758 dpavlin 14
759 dpavlin 20 <p>&nbsp;&nbsp;&nbsp;&nbsp;&nbsp;&nbsp;&nbsp;&nbsp;
760 dpavlin 14 <a href="20051007-netbsd-cats-installed.png"><img src="20051007-netbsd-cats-installed_small.png"></a>
761    
762     <p>
763     To install NetBSD/cats onto a disk image, follow these instructions:
764    
765     <p>
766     <ol start="1">
767     <li>Create an empty harddisk image, which will be the root disk
768 dpavlin 18 that you will install NetBSD/cats onto:<pre>
769 dpavlin 34 <b>dd if=/dev/zero of=nbsd_cats.img bs=1024 count=1 seek=3000000</b>
770 dpavlin 14
771     </pre>
772 dpavlin 32 <li>Download the NetBSD/cats 3.1 ISO image and the generic and install kernels:<pre>
773     <a href="ftp://ftp.netbsd.org/pub/NetBSD/iso/3.1/catscd-3.1.iso">ftp://ftp.netbsd.org/pub/NetBSD/iso/3.1/catscd-3.1.iso</a>
774     <a href="ftp://ftp.netbsd.org/pub/NetBSD/NetBSD-3.1/cats/binary/kernel/netbsd.aout-GENERIC.gz">ftp://ftp.netbsd.org/pub/NetBSD/NetBSD-3.1/cats/binary/kernel/netbsd.aout-GENERIC.gz</a>
775     <a href="ftp://ftp.netbsd.org/pub/NetBSD/NetBSD-3.1/cats/binary/kernel/netbsd.aout-INSTALL.gz">ftp://ftp.netbsd.org/pub/NetBSD/NetBSD-3.1/cats/binary/kernel/netbsd.aout-INSTALL.gz</a>
776 dpavlin 14
777     </pre>
778     <p>
779     <li>Start the installation like this:<pre>
780 dpavlin 32 <b>gxemul -XEcats -d nbsd_cats.img -d catscd-3.1.iso netbsd.aout-INSTALL.gz</b>
781 dpavlin 14
782     </pre>
783     and proceed like you would do if you were installing NetBSD on a real
784 dpavlin 20 CATS from CDROM.
785 dpavlin 14 </ol>
786    
787 dpavlin 20 <p>Alternatively, to install from FTP, you can skip downloading the ISO,
788 dpavlin 32 and start the install without <tt>-d catscd-3.1.iso</tt>. Suitable network
789 dpavlin 20 settings are IP 10.0.0.1, gateway/default route 10.0.0.254, netmask
790     255.0.0.0, nameserver 10.0.0.254.
791    
792 dpavlin 16 <p>If everything worked, NetBSD should now be installed on the disk image.
793 dpavlin 14 Use the following command line to boot the emulated CATS machine:<pre>
794 dpavlin 16 <b>gxemul -XEcats -d nbsd_cats.img netbsd.aout-GENERIC.gz</b>
795 dpavlin 14
796     </pre>
797    
798    
799    
800    
801    
802    
803 dpavlin 22
804 dpavlin 20 <p><br>
805 dpavlin 22 <a name="netbsdevbarminstall"></a>
806     <h3>NetBSD/evbarm:</h3>
807    
808 dpavlin 42 <a href="http://www.netbsd.org/ports/evbarm/">NetBSD/evbarm</a> can
809 dpavlin 22 run in GXemul on an emulated IQ80321 evaluation board.
810    
811     <p>&nbsp;&nbsp;&nbsp;&nbsp;&nbsp;&nbsp;&nbsp;&nbsp;
812     <a href="20060218-netbsd-evbarm.png"><img src="20060218-netbsd-evbarm_small.png"></a>
813    
814     <p>It is tricky to install, because there is (as far as I know) no INSTALL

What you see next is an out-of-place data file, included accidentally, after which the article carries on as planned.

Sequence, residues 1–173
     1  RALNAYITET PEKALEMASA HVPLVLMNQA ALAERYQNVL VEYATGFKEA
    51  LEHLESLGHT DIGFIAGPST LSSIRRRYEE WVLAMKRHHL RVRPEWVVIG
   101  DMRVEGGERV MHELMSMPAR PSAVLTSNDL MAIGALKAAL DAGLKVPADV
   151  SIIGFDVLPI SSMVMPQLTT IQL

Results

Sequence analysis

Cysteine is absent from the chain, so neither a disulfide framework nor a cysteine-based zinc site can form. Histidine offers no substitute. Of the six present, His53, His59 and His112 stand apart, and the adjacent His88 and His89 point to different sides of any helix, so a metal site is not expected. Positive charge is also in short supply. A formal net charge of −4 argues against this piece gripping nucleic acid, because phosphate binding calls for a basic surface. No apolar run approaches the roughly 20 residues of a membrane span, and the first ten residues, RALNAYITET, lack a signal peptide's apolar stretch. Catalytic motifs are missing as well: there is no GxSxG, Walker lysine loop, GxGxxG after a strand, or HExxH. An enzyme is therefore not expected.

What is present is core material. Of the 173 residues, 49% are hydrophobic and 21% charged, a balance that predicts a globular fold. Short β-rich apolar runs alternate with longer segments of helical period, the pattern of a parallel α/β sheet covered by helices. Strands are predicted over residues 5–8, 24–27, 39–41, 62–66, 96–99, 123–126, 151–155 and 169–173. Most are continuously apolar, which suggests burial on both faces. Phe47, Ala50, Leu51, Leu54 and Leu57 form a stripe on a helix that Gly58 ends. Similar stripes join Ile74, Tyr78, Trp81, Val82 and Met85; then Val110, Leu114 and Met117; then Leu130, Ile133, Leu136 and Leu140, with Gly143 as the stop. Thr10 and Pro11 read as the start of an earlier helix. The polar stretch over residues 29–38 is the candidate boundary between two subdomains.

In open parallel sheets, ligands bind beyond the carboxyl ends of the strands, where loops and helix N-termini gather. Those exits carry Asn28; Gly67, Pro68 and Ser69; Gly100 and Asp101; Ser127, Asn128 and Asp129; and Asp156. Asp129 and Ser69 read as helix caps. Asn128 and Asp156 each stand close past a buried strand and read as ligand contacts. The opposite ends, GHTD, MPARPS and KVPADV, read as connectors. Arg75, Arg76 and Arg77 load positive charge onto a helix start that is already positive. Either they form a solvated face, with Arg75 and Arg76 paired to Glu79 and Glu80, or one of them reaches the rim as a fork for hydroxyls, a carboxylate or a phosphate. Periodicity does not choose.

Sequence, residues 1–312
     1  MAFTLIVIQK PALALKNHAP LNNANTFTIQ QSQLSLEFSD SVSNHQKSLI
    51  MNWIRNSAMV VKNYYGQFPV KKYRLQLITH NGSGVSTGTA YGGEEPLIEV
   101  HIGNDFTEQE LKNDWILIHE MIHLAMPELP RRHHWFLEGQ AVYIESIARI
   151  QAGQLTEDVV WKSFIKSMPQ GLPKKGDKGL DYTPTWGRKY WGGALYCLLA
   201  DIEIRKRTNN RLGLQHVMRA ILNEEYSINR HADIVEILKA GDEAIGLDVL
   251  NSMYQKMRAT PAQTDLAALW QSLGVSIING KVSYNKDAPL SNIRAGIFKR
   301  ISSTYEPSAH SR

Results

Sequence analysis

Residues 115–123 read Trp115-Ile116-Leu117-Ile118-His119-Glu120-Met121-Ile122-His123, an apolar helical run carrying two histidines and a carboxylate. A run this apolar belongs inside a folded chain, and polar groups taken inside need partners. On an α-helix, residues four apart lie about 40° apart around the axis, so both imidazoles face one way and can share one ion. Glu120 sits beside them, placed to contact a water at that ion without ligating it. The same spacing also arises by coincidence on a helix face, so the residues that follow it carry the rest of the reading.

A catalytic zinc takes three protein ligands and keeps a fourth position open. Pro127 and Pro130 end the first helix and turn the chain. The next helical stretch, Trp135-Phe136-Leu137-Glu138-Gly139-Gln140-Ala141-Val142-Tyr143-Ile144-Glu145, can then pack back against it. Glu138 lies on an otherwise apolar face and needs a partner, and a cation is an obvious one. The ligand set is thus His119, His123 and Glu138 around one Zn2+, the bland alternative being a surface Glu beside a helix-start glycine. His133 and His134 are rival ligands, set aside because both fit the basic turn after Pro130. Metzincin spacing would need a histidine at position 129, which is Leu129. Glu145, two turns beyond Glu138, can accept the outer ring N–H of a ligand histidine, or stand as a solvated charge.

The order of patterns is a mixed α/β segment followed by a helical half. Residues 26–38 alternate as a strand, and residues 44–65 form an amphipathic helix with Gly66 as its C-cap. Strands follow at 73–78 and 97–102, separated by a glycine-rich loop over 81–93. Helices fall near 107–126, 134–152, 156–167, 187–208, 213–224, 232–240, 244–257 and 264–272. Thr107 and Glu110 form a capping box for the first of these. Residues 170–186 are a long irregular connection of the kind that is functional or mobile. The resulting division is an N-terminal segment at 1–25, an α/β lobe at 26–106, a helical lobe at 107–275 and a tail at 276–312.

815     kernel. One way to install the NetBSD/evbarm distribution onto a disk
816     image is to install the files using another (emulated) machine.
817    
818     <p>The following instructions will let you install NetBSD/evbarm onto a disk
819     image, from an emulated CATS machine:
820    
821     <p>
822     <ol>
823 dpavlin 40 <li>Download a NetBSD/cats 3.1 ramdisk kernel:<pre>
824     <b>wget <a href="ftp://ftp.netbsd.org/pub/NetBSD/NetBSD-3.1/cats/binary/kernel/netbsd.aout-INSTALL.gz">ftp://ftp.netbsd.org/pub/NetBSD/NetBSD-3.1/cats/binary/kernel/netbsd.aout-INSTALL.gz</a></b>
825    
826     </pre>
827 dpavlin 22 <li>Create an empty harddisk image, which will be the disk image
828 dpavlin 40 that you will install NetBSD/evbarm onto:<pre>
829 dpavlin 22 <b>dd if=/dev/zero of=nbsd_iq80321.img bs=1024 count=1 seek=999000</b>
830    
831     </pre>
832     <li>Download an IQ80321 kernel with wdc support, and the 2.1 ISO image:<pre>
833     <a href="ftp://ftp.netbsd.org/pub/NetBSD/NetBSD-2.1/evbarm/binary/kernel/">ftp://ftp.netbsd.org/pub/NetBSD/NetBSD-2.1/evbarm/binary/kernel</a>/<a href="ftp://ftp.netbsd.org/pub/NetBSD/NetBSD-2.1/evbarm/binary/kernel/netbsd-wd0-IQ80321.gz">netbsd-wd0-IQ80321.gz</a>
834     <a href="ftp://ftp.netbsd.org/pub/NetBSD/iso/2.1/evbarmcd.iso">ftp://ftp.netbsd.org/pub/NetBSD/iso/2.1/evbarmcd.iso</a>
835    
836     </pre>
837     <p>
838 dpavlin 40 <li>Now let's extract the files from the CD-ROM image onto the IQ80321's disk image. Start the
839     CATS machine using the following command line:<pre>
840     <b>gxemul -XEcats -d nbsd_iq80321.img -d evbarmcd.iso netbsd.aout-INSTALL.gz</b>
841 dpavlin 22
842 dpavlin 40 </pre>Exit from the installer, and execute the following commands as <tt>root</tt>:
843 dpavlin 22 <p><table border="0"><tr><td><tt>&nbsp;&nbsp;&nbsp;&nbsp;&nbsp;&nbsp;&nbsp;</tt></td><td><pre>
844    
845 dpavlin 40 <b>disklabel -I -i wd0</b>
846 dpavlin 22 (enter suitable commands, e.g. <i>a, 4.2BSD, 1c, 750M, b,
847     swap, a, 200M, P, W, y, Q</i>)
848 dpavlin 40 <b>newfs /dev/wd0a; mount /dev/wd0a /mnt2; cd /mnt2